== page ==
The DVD is a crisp video chronicle of what is nearly the band’s original lineup in concert. Only Airto Moreira is missing, having been recently replaced by the outstanding Dom Um Romao. In the Weather Report timeline, Live in Hamburg 1971 presents a band preparing its second album, I Sing the Body Electric, with a young Alphonse Mouzon nearing the end of his tenure. Czech-born Miroslav Vitous still handles bass – acoustic as well as electric – alongside the members who would become Weather Report’s chief meteorologists – keyboardist Josef Zawinul and saxophonist Wayne Shorter (both veterans of In a Silent Way, by the way).

The Hamburg studio is stark and applause-less, providing the 48 minute performance with a profound intimacy, from Mouzon’s merry grooves on the opening Umbrellas to Shorter’s very studied lines on tenor and soprano saxophone during Waterfall. His solos eventually collide exquisitely with the organic grooves set forth by Vitous’ acoustic bass bounce and Rumao’s eager percussive chatter.

Zawinul, as always, is the wily one. His keyboard arsenal is limited mostly to Fender Rhodes piano, which provides a light but ominous ambience that bubbles like lava under the very Miles-esque propulsion of Seventh Arrow. But at the beginning the 10 churning minutes that make up the improvisations surrounding Dr. Honoris Causa, Zawinul summons darker, punctuated keyboard drive – an evil twin, almost to the Rhodes’ animated lyricism – that could pass for clavinet if the resulting music wasn’t so thick and, well, nasty.

Zawinul and Rumao have since left us. But their abundant musical cunning abounds on this magnificent bit of musical time tripping, a slice of artistic invention that lands us back in the eye of a jazz hurricane already in devilish, unstoppable motion.

spending the fourth with the boss

With July 4th festivities, work duties, rehearsals and the like all concluded, I devoted the holiday’s late evening hours bridging American and British cultures in true Independence Day fashion by giving a spin to the new Bruce Springsteen concert DVD, London Calling.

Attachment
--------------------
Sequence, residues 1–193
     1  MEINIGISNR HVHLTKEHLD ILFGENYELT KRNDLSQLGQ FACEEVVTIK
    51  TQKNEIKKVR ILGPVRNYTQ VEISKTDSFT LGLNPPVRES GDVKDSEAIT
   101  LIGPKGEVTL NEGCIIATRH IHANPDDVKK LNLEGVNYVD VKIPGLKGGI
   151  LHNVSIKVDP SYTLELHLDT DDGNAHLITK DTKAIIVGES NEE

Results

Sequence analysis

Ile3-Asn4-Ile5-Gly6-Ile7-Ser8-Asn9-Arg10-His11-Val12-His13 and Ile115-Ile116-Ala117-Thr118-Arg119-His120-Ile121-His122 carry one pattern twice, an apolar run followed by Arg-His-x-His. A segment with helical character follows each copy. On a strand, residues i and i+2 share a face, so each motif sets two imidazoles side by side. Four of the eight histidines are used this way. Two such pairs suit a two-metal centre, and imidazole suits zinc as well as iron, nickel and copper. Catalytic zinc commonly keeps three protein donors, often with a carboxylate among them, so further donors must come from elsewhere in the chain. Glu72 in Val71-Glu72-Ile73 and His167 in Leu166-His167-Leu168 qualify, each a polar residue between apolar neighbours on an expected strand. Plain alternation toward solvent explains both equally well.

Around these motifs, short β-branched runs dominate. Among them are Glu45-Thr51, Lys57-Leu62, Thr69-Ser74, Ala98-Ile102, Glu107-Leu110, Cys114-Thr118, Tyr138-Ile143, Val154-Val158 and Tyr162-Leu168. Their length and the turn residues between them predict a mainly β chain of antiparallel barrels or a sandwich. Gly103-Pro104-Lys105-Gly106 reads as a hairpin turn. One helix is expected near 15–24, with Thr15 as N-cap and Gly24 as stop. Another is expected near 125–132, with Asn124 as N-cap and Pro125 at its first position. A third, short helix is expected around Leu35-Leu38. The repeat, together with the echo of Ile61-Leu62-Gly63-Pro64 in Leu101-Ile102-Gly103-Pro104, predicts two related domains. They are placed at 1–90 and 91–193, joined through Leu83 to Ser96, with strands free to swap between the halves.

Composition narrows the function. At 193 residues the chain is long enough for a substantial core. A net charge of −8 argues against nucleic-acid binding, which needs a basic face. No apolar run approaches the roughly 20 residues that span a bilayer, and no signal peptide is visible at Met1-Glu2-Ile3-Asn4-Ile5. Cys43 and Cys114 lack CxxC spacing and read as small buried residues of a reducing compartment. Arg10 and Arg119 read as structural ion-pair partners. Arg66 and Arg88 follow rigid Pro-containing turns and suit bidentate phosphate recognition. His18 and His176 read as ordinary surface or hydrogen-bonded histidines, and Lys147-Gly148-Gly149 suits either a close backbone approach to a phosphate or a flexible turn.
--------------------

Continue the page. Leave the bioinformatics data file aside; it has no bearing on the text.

Recorded just over a year ago (June 28, 2009, to be exact) at London’s Hyde Park before a sea of fans as seemingly tireless as Springsteen, the two disc, three hour set confirms again that The Boss’ onstage energy is every bit as solemn, arresting and combustible now that he has entered his 60s as it was during the early glory days of the E Street Band that are now over three decades behind us.

I’ve seen Springsteen with the E Streeters maybe 15 times since 1976. Every new addition to that list has never been less than astounding. In short, not even a veteran fan can fully grasp the extent of The Boss’ performance bravado until he witnesses it again. That’s exactly the impression London Calling evokes.

Springsteen stakes his turf within the DVD’s first few songs. First, an appropriately ragged show-opening cover of The Clash’s London Calling plays directly to the fans, who call out the tune’s “I live by the river” chorus as if the song were one of The Boss’ own hits. The tune slides immediately into Badlands, switching one anthemic gem out for another.

The E Streeters ignite the punctuated groove of She’s the One only minutes later, allowing Springsteen to summon the spirit of Bo Diddley as wildly, vividly and solemnly as they did with the ghost of The Clash’s Joe Strummer a few songs earlier.

And so it went, with Springsteen and the crowd working as one. The fans sang along with Outlaw Pete, one of only two songs offered from 2009’s Working on a Dream album, as if it were a monster hit. They held tough with The Boss as he churned out Seeds and Youngstown, decade-old laments for hard working times that bear a severe new topicality. They listened attentively at summery romance deflated during Racing in the Street. And they cheered like maniacs as Clarence Clemons blew his saxophone mightily into an English sunset during Jungleland.

There was only the merest suggestion that the years might be catching up with Springsteen. And he chose to make the most of it. The jubilant chorus of Out in the Street called for The Boss to race across ramps that led him directly into the stadium sized crowd. But after scaling a mighty bank of steps to return to the stage, he appeared understandably winded.

“I need a (expletive) elevator. I’m (expletive) 60!” And with that The Boss buckled down and rocked like a madman for another 2 ½ hours.